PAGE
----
[22] New English Dictionary, ed. James A. H. Murray et al., vol. 1 (A–B) (Oxford: Clarendon, 1888), p. xxv.

[23] Concise Oxford Dictionary of Current English, adapted by H. W. Fowler and F. G. Fowler (Oxford: Clarendon, 1911), p. xii.

[24] James S. Atherton, The Books at the Wake (Carbondale: Southern Illinois University Press and London and Amsterdam: Feffer and Simons, 1974), p. 87, citing Thomas E. Connolly, The Personal Library of James Joyce (Buffalo, N.Y.: University of Buffalo Press, 1955) p. 8.

[25] The examples I quote are from p. 15 of the 1878 edition of Bell’s Standard Elocutionist (London and Belfast: William Mullan and Son).

[26] Frank H. Vizetelly, Essentials of English Speech and Literature (New York and London: Funk and Wagnalls, 1915), p. 274.

[27] Vizetelly, pp. 274, 281, 286.

[28] Noah Webster, American Dictionary of the English Language, rev. ed. (New York: Harper and Brothers, 1845; and Springfield, Mass.: Merriam, 1865).    

[29] Both of these clearly “Germanised” forms first occur in the pages of Criterion (July 1925) revised for the printer of transition 5 (see JJA 46: 427–8).

[30] Vizetelly, p. 286.

[31] The quotation is from Otto Jespersen, Language: Its Nature, Development and Origin (London: George Allen and Unwin Ltd., 1922), p. 10.

[32] For Joyce’s reading and use of works by Otto Jespersen, see Erika Rosiers and Wim Van Mierlo, “Neutral Auxiliaries and Universal Idioms: Otto Jespersen in Work in Progress,” in James Joyce: The Study of Languages, New Comparative Poetics 6, ed. Dirk Van Hulle (Bruxelles, etc.: PIE Lang, 2002), 55–70, esp. pp. 56–8.

[33] Jespersen, Language, p. 16. Jespersen’s book uses serif IPA symbols for most other sounds and identifies the value of the IPA symbol [ʌ] as that of the vowel in the English word cut, which in many dialects, including Hiberno-English ones, is quite close to the schwa of the unstressed a. Joyce’s symbol in “by fork” can of course be linked also to his siglum for Shaun (the carrier of this letter) and to the logical and mathematical symbol meaning “and”, but neither of these interpretations fits into the verbal context as smoothly as the IPA-based one.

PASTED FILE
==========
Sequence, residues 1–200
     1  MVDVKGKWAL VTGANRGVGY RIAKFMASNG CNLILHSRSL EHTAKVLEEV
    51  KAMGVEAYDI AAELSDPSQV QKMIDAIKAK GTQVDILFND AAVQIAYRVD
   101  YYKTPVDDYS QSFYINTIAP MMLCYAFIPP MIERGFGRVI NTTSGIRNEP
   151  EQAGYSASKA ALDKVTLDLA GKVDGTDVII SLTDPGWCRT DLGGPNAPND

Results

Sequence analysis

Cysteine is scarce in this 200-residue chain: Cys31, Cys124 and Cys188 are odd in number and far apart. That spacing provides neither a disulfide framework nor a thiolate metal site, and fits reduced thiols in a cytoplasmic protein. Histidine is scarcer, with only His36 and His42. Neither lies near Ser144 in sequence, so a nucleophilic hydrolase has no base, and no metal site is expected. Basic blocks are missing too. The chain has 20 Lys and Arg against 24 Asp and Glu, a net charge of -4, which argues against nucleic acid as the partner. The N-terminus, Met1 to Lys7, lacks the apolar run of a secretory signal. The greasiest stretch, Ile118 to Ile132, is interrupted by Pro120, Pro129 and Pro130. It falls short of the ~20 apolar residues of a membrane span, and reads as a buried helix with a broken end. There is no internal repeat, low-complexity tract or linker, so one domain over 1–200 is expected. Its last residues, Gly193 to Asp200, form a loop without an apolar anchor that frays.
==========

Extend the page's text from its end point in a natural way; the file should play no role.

[34] Antoine Meillet’s earlier Introduction á l’étude comparative des langues indo-européennes (1903) and his former professor Ferdinand de Saussure’s Cours de linguistique générale (1916) both use a system of transcription similar to that of Les langues du monde; both use, for instance, the š symbol for the sound commonly spelled in English as sh. This specific phonetic sign had been introduced in the second edition of C. R. (Richard) Lepsius’ influential Standard Alphabet for Reducing Unwritten Languages and Foreign Graphic Systems to a Uniform Orthography in European Letters (London: Williams and Norgate and Berlin: W. Hertz, 1863; pp. 12, 64), which also recommended the systematic use of various other diacritics, and assigned some of these – the breve, the macron, and the point below – the same value as in Les langues du monde.